The Produce Marketing Association (PMA), the trade organization representing companies from every segment of the global fresh produce and floral supply chain, argues that artificial intelligence (AI) is changing the way our food is produced.
“Advancements such as machine learning, image recognition, and predictive modeling are being used in food production to boost productivity and efficiency,” writes Vonnie Estes, PMA Vice President Technology.
Estes cites such AI examples as:
- Farms are using AI-driven robots and autonomous vehicles for planting and harvesting.
- Agronomist-trained algorithms are providing operational recommendations based on crop biology that can reduce chemical and water input.
Consequences of AI in the Food Chain
Estes, who has an undergraduate degree in horticulture and an advanced degree in plant
pathology, says there are positive outcomes from this trend towards artificial intelligence in food production.
“As we digitize the agricultural supply chain, we reduce food waste, improve our ability to respond quickly to potential recalls and develop supply chain transparency. AI will help eliminate inefficiencies for the producer and in the supply chain and bring the transparency and convenience to consumers they crave,” writes Estes.
She also cautions, however, that there are ethical issues surrounding AI that must be addressed to achieve the best outcomes possible.
Ethical Issues for AI in Food Production
Estes points to five prime ethical issues for AI in food production:
- Trust and Transparency in Business Practices: Customers are increasingly demanding transparency along the food supply chain and AI, machine learning and blockchain can facilitate this transparency. Food safety, pesticide use, nutrition claims and labeling can all be addressed via AI.
- Use of Data and Insights: From Google to Apple to Facebook data privacy is the hottest topic today. The food production industry must communicate how data and insights gained from it can be used with permission and decide on ownership of the data. AI will only work with a certain amount of data free flow so food producers must share information with neighbors in order to gain insights into predictions and patterns based on large data sets.
- Security: Ransomware and Cyber Attacks pose a real threat to food production. The industry needs to have plans in place for the protection of sensitive data used by companies that aggregate data. As AI requires more and more data to perform tasks, there will be more opportunities for bad actors to take advantage.
- Bias: Estes writes that “we shouldn’t forget that AI systems are created by humans, who can be biased and judgmental. Many AI systems will continue to be trained using bad data, making this an ongoing problem”. The goal is to avoid bad assumptions and scientific bias baked into the AI algorithms.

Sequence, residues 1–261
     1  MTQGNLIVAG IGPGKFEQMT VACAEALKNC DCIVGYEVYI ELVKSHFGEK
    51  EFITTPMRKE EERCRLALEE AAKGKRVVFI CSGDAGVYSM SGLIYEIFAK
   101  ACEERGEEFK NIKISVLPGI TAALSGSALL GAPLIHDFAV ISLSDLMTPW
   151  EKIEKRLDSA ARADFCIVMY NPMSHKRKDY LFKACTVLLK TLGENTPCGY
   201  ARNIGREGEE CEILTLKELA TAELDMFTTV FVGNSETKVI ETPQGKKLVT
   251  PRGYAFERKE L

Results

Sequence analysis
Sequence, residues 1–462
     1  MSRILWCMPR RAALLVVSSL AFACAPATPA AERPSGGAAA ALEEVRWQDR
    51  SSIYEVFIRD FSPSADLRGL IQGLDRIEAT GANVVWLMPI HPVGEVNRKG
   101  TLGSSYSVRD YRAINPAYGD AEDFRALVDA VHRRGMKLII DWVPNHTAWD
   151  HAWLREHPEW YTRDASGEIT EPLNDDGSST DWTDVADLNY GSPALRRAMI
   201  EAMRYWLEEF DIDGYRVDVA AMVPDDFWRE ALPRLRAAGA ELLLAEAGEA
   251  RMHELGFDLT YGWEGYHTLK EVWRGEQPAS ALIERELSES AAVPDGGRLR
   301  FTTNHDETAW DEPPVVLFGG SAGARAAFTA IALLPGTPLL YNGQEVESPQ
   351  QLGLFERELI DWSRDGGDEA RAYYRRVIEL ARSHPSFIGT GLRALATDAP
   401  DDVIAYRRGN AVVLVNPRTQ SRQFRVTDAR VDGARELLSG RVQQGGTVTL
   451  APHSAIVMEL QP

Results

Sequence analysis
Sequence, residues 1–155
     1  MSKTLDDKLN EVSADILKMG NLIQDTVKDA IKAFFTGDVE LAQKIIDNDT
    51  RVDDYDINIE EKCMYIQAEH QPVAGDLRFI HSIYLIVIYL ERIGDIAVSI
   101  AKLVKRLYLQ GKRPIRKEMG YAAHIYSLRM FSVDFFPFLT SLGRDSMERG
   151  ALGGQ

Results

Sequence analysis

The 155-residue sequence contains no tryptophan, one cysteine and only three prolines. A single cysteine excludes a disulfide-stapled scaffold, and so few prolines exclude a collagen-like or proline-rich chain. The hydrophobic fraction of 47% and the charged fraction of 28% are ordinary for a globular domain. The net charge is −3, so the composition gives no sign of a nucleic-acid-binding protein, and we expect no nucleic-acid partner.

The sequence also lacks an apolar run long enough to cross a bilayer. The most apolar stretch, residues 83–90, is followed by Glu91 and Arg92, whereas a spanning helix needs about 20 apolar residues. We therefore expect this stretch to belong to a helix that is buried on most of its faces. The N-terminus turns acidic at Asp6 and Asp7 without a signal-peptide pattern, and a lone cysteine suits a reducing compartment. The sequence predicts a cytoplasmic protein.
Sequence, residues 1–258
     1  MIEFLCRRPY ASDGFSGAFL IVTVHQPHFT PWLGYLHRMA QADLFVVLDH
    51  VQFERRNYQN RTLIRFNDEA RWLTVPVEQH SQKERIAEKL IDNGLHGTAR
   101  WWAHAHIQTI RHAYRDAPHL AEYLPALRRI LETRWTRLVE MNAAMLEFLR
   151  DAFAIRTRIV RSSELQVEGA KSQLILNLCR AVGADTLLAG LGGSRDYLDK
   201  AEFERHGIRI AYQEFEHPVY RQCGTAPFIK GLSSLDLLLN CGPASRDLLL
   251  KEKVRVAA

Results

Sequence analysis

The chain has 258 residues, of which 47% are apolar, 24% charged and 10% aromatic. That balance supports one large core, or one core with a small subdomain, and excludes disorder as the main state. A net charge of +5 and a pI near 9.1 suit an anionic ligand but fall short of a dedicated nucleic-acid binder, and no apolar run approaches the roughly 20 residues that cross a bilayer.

- Access: AI can boost productivity in food production but only if access is universal. New AI tools are expensive to develop and adopt so funding must be addressed. If producers of all crops have access, then the world will benefit.
AI in Action in Food Production
Artificial Intelligence in food production may sound like something from futuristic science fiction but there are applications already being used including:
- Sorting Food: An advanced AI application, TOMRA Sorting Food, uses sensor-based optical sorting solutions with machine learning functionalities to sort the sizes of potatoes that can help manufacturers parcel them into groups for making French fries, potato chips, and hash browns.
- Improving the Supply Chain: AI with traceability applications can help keep track of food from farm to market. This is important as food safety regulations are becoming stricter and consumers are demanding more transparency on what winds up on their tables.
- Ensuring Personal Hygiene: AI systems are being used in restaurants and food production facilities that use cameras and facial recognition to monitor workers for hat and mask wearing as required by food safety laws.
- Cleaning Processing Equipment: University of Nottingham researchers are developing a system that uses AI to reduce equipment cleaning time and resources. The Self-Optimizing-Clean-In-Place uses ultrasonic sensing and optical fluorescence imaging to measure food residue, as well as microbial debris in a piece of equipment.
“AI’s role in the food industry is becoming increasingly important due to its ability to help save food that may go bad, improve food workers’ hygiene, and clean processing equipment more quickly. The technology ultimately has the potential to create a healthier and more affordable food industry for workers and consumers alike,” writes Karl Utermohlen in Heartbeat.
Part of FreshByte Software’s package is state-of-the-art traceability, backwards and forwards, utilizing technology such as barcodes and RFIDs on leafy greens, pears, apples, and other fresh produce.
Contact FreshByte Software today to find out how our distribution, traceability, accounting, and inventory software solutions can help make your wholesale distribution business successful.